Category: Resources

Connecting With Hurting People

There is something that we all have in common; we all came from somewhere. We didn’t just arrive in the present. And because we are all on a journey we all have stories to tell. All of us have had adverse experiences and many of us have lived through trauma. Unfortunately, too many people have stories that include big traumatic events like the loss of everything they have and needing to leave everything behind because of a natural disaster.

If we want to help those who have lived through these very traumatic experiences, we will need to have a basic understanding of trauma. We will need this basic understanding in order to cultivate the empathy necessary for us to become compassionate people. Compassion is defined as “a feeling of deep sympathy and sorrow for another who is stricken by misfortune, accompanied by a strong desire to alleviate the suffering.”

But what is empathy? I find that it is often a misunderstood response. All it means is that we choose to identify with another person’s thoughts and feelings. Empathy doesn’t mean that you shared the experience, it means that we choose to connect with someone who is hurting.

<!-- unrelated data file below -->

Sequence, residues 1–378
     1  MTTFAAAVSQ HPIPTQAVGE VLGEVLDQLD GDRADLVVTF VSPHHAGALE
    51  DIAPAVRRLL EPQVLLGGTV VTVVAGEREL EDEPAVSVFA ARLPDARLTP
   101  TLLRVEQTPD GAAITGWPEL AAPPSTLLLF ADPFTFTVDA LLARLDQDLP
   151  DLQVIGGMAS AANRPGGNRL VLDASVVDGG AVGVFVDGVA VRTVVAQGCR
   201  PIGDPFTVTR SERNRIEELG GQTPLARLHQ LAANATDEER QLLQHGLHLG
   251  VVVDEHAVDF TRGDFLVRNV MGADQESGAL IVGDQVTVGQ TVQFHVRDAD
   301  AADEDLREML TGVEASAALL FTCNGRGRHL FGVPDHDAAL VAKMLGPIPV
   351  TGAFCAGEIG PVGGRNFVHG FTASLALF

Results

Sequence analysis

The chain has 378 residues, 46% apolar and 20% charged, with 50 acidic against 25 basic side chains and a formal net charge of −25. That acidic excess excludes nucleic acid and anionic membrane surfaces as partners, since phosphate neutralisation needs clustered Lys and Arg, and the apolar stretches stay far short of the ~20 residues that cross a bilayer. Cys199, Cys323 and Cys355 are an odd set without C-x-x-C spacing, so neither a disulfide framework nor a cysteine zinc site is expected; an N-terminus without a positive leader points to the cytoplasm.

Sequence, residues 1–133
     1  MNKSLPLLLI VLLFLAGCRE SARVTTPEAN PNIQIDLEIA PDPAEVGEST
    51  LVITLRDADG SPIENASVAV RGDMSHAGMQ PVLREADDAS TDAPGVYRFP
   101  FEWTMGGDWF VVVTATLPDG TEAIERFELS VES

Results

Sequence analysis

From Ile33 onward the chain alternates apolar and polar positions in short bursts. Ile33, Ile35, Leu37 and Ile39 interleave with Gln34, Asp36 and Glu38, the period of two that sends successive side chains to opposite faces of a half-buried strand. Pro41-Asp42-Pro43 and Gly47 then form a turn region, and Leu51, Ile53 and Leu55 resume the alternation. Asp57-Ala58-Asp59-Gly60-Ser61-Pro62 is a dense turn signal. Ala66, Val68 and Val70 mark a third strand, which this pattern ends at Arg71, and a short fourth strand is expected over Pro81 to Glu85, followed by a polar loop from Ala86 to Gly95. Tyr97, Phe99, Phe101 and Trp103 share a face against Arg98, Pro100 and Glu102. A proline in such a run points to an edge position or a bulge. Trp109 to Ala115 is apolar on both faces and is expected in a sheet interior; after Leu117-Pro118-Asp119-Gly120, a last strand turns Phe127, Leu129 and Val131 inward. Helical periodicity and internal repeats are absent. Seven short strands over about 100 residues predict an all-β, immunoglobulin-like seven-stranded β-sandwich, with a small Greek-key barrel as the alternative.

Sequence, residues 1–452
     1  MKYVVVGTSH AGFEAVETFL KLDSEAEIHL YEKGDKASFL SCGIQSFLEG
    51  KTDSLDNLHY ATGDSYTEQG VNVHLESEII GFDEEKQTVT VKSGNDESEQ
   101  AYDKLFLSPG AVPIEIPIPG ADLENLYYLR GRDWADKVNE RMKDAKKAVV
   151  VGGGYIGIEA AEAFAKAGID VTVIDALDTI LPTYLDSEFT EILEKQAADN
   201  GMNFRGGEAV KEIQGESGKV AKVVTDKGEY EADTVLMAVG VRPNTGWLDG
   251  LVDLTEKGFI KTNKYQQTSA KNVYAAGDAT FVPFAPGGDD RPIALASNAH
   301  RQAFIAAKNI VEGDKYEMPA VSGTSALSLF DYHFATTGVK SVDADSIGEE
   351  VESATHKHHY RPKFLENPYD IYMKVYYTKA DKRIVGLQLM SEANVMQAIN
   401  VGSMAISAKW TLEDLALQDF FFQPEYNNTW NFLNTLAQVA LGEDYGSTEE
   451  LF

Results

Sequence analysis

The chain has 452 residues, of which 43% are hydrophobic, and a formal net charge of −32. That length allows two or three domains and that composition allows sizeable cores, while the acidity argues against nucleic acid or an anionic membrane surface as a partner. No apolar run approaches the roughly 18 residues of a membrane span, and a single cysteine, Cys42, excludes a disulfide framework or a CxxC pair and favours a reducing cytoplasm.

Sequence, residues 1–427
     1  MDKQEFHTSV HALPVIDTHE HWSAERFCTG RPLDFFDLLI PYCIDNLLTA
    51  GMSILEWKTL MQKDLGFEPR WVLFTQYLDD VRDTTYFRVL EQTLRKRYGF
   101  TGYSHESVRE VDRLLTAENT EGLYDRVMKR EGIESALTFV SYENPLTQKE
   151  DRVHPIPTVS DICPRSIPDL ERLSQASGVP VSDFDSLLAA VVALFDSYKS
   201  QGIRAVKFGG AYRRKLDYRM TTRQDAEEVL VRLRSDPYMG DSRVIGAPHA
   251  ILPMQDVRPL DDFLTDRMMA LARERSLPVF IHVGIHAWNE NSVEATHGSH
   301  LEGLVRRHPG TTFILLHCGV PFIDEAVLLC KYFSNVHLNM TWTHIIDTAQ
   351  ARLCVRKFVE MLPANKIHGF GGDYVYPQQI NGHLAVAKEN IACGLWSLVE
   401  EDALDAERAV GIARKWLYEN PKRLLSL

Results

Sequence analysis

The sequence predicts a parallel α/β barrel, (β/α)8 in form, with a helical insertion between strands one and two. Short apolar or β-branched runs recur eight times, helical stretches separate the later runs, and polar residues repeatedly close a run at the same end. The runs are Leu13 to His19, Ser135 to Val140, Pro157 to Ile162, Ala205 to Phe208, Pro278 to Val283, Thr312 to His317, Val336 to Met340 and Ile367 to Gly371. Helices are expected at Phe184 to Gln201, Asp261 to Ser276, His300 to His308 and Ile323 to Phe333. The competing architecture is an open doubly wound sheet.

A large part of connecting with someone who is hurting is understanding that their loss and pain is real. We need to understand their experiences as best we can so that we can be fully present with them in the moment. Many hurting people need someone to hang in there with them and not give up on them. They need us to focus on them and really see them. Whenever I read that “Jesus saw the crowd” in the gospels, I know that he not only saw them as individuals but that he saw their hurts and their needs well.

If we want to connect with hurting people we have to remain open to their thoughts and feelings. We can’t be dismissive of either of those two things because trauma is personal. Our thoughts and feelings have to be secondary to theirs. In order to help them the best we can, we will need to have some understanding of:

  • What trauma is
  • How it impacts a person
  • How it informs their behavior

Many challenging interactions and behaviors are driven by people’s histories and experiences. Much of what we interpret as controlling or manipulative behaviors are rooted in the individual’s desire to survive. We have to reject “us vs. them” thinking and compassionately embrace a posture of togetherness as we focus on becoming their ally, coach, and advocate.

What is trauma?

Trauma is either a physical wound or a psychological injury…or both. Most of the people we encounter have experienced both. As a result, they are living in a state of stress and fear which drives the development of survival tactics and negative behaviors. It will serve us well if we remember that behaviors are always an expression of a need. We have to learn to follow the needs be they physical, emotional, or spiritual if we want to help.

We can’t forget that trauma is personal and we cannot dismiss someone’s response to an event that they lived through. Remember, our thoughts and feelings have to be secondary to theirs.

What is the impact of trauma?